Media and Government’s Bias Towards Ukrainian Refugees Compared to Black and Brown Refugees


Image from the Washington Post (Evan Vucci/AP) that showcases President Biden meeting with Ukrainian refugees in Warsaw

Augustina Alapa

Ever since the invasion of Ukraine on February 24, 2022, news about the war has dominated the global media. Flashback to a couple months before the invasion, August 30, 2021, when the United States completed it’s withdrawal from Afghanistan. As a result of the chaotic withdrawal, many Afghans fled their homes and saught refuge in other countries. Fast forward to Ukraine and many Ukrainians are fleeing away from the danger that the war has brought to their country. However, a key difference in these two cases is the news reporting and the response to refugee situations. The media tone surrounding Ukrainian refugees has been positive. However, this has not been the case compared to Afghan refugees and refugees and immigrants from black and brown countries. 

The treatment of refugees from Ukraine has been swift and effective as much as possible. Abigail Hauslohner reported in an article for the Washington Post that “The Department of Homeland Security [has] unveiled its program to accelerate the admissions process for Ukrainians, allowing U.S.-based family members, organizations and other groups to apply, using a dedicated website, for specific individuals to gain entry into the United States.” In addition, President Biden created a refugee response program called Uniting for Ukraine. The purpose of the program is to “ease requests for humanitarian parole, [provide] a two-year legal status, after which Ukrainians who wish to remain in the United States permanently must apply for asylum or another immigrant status.” Moreover, the process is free and has less paperwork that is often associated with the more traditional program.

The United States is set up properly to receive Ukrainian refugees but was unprepared for refugees from Afghanistan. The same article by Hauslohner highlighted the fact that “there is no dedicated resource like Uniting for Ukraine to facilitate Afghans’ applications, their requests have flooded the government’s general humanitarian parole program. The associated fee is $575 per applicant… [and] requires applicants to prove they are under direct threat.” Moreover, Ukrainian refugees have been offered housing and people are being encouraged to house them and many people are willing to. However, Afghan refugees are not given the same opportunities. Many Afghan refugees are ¨still living in hotel rooms and other temporary housing across the U.S., some for months, as they wait for permanent housing” according to an article by Joel Rose. In addition, resettlement agencies are accrediting this difficulty to  ¨a severe shortage of affordable housing.¨ It begs the question; where are those good Samaritans that were more than willing to open their doors to Ukrainian refugees?

It is disheartening to see the differences in the treatment of these two groups of people because refugees from both of these countries are experiencing similar situations. Likewise, the lack of urgency from the Biden administration on the Afghan refugee situation is highly unjust considering the fact that many Afghans that worked alongside and for the U.S. government during the U.S. 20 years stay in Afghanistan have been left behind along with their families. In addition, the United States knew that the exit of American troops from Afghanistan would not be an easy task and still failed to properly prepare for the humanitarian crisis that many Afghans would be thrusted in. However, they are more than willing to welcome Ukrainian refugees into the United States. This too begs the question of why that bias exists and the media coverage seems to have some answers.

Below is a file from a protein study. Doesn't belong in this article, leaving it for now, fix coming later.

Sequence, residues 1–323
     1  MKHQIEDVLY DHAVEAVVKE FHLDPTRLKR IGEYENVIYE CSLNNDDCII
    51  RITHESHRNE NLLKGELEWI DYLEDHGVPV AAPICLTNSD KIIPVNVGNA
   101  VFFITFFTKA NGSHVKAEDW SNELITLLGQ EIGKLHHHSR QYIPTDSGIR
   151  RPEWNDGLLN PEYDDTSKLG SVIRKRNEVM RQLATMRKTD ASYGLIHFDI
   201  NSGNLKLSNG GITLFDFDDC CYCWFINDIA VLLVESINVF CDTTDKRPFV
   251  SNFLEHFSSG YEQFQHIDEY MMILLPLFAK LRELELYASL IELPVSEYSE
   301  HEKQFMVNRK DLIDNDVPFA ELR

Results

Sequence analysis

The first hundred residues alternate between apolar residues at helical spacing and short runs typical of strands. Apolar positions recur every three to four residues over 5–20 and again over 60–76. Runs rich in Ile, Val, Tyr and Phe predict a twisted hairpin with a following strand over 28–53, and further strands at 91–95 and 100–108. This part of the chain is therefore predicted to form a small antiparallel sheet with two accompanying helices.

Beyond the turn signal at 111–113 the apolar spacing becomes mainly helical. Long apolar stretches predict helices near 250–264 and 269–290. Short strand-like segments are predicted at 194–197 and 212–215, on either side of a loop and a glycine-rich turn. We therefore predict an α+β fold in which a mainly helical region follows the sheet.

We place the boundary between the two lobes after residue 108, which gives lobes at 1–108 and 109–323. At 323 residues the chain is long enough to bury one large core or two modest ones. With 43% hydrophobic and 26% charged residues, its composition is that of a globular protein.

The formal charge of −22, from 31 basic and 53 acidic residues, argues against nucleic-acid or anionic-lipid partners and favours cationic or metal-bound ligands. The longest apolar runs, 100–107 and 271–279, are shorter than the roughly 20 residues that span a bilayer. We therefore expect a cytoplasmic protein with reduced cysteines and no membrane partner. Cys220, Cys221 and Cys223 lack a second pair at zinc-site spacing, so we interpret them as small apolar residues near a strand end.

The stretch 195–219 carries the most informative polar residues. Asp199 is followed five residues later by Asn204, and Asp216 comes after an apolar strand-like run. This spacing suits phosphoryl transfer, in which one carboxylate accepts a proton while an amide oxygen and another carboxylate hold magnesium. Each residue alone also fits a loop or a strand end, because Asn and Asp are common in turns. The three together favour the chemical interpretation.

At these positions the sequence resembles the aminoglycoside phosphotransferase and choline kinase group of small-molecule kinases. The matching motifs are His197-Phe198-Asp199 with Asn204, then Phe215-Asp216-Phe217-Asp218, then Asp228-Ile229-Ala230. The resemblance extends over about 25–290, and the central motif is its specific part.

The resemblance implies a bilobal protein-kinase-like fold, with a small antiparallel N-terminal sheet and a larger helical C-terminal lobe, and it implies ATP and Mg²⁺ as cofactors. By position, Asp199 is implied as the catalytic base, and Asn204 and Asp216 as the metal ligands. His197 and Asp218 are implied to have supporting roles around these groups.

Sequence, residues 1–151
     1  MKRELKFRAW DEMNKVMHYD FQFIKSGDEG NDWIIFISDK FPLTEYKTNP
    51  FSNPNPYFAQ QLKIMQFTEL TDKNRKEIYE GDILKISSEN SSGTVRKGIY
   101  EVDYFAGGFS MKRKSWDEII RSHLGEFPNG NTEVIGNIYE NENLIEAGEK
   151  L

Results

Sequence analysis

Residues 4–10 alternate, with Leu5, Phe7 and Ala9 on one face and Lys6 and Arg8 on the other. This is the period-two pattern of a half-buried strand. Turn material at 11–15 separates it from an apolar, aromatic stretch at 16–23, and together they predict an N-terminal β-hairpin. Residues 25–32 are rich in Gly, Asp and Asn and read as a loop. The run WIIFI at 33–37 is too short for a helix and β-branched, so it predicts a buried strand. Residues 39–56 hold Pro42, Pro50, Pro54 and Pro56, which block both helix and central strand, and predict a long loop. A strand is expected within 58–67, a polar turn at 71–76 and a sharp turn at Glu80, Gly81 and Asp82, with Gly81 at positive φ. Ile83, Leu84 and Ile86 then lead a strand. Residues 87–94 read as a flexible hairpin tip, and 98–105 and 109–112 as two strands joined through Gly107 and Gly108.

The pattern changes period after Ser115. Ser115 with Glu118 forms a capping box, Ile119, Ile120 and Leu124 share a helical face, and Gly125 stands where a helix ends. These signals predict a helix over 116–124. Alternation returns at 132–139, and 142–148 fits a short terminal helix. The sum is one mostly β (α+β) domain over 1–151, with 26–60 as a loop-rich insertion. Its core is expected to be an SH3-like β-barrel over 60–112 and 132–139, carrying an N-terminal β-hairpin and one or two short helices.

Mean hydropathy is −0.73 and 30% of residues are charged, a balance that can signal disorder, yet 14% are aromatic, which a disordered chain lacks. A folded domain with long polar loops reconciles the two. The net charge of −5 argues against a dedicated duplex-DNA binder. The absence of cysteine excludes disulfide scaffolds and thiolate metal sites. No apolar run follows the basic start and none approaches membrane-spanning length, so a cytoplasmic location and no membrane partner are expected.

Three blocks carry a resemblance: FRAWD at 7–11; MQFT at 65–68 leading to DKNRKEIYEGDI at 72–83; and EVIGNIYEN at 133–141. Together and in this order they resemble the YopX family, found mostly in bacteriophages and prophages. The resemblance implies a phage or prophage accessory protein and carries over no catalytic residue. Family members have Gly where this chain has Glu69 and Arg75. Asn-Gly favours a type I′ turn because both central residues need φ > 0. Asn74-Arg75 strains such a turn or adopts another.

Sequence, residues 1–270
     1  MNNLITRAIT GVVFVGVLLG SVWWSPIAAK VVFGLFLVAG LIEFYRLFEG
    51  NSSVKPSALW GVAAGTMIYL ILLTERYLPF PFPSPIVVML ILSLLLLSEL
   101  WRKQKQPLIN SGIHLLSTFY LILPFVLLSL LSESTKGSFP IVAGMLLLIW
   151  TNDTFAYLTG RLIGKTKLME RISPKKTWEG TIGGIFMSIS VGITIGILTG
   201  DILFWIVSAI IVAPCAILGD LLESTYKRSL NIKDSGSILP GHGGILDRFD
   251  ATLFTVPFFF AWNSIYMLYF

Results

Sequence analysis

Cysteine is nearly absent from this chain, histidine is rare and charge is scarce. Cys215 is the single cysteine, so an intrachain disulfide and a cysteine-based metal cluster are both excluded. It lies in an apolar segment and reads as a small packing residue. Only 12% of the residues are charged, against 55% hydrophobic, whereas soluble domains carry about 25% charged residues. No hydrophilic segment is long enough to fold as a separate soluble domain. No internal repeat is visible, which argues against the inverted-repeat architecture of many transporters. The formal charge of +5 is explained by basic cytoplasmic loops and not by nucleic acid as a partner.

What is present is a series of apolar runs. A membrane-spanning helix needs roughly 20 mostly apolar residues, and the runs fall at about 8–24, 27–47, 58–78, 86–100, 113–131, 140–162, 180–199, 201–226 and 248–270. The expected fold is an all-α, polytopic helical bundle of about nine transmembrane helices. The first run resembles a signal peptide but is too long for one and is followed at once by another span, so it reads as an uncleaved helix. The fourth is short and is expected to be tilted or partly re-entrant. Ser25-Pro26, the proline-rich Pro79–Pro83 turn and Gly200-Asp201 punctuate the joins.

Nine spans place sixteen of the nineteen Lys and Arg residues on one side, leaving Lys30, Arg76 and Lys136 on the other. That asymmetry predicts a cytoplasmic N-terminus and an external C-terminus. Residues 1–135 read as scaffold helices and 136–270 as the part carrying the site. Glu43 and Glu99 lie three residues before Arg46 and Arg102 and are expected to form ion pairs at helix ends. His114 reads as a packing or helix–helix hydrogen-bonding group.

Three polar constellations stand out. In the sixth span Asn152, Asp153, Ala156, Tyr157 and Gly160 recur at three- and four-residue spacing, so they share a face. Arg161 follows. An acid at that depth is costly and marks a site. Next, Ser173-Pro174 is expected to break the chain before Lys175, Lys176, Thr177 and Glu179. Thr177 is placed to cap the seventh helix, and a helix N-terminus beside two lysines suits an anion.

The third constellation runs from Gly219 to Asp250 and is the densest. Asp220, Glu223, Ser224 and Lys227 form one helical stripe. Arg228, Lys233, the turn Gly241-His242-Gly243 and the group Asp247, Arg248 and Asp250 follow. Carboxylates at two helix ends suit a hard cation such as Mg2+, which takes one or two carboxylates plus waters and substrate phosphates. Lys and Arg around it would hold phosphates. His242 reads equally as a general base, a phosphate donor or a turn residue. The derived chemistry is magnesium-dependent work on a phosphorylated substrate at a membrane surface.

The news coverage of Ukrainian refugees compared to refugees form black and and brown countries has been shocking but not surprising. As news of the war broke out, the reaction of people across the world has been revealing. CBS News Anchor Charlie D’Agata commented on the situation, stating that  “[Ukraine] isn’t a place, with all due respect,… like Iraq or Afghanistan that has seen conflict raging for decades… [it] is a relatively civilized, relatively European.” His comment received a lot of backlash and rightfully so. It is insulting to insinuate that Middle Eastern countries are not civilized especially considering the rich history of those countries and Europe’s immoral involvement in that area of the world.

Unfortunately, he is not the only one that has a similar view. French journalist Phillippe Corbe relayed similar remarks. He stated that “we’re not talking here about Syrians fleeing the bombing of the Syrian regime backed by Putin. We’re talking about Europeans leaving in cars that look like ours to save lives.” So, would the violence be okay if they were Syrians? Black and brown people are deserving of the same sympathy and empathy from the world even if they don’t have the same cars as many Europeans. Also, considering France’s relationship with people from the Middle East in their country, Corbe’s remarks are not surprising.

Another European weighed in on the situation. David Sakvarelidze, the former Ukrainian Deputy Prosecutor, who was a guest on BBC said “I see European people with blue eyes and blonde hair being killed, children being killed everyday with Putin’s missiles.” The blue eyes and blonde hair comment is unnecessary and revealing at the same time. As much as I like the fact that Ukrainian refugees are receiving the care and attention they deserve from the world, it is a bittersweet situation. Black and brown people may not be European or have blue eyes and blonde hair but their refugee situations should also receive the same level of care and attention that they have long deserved.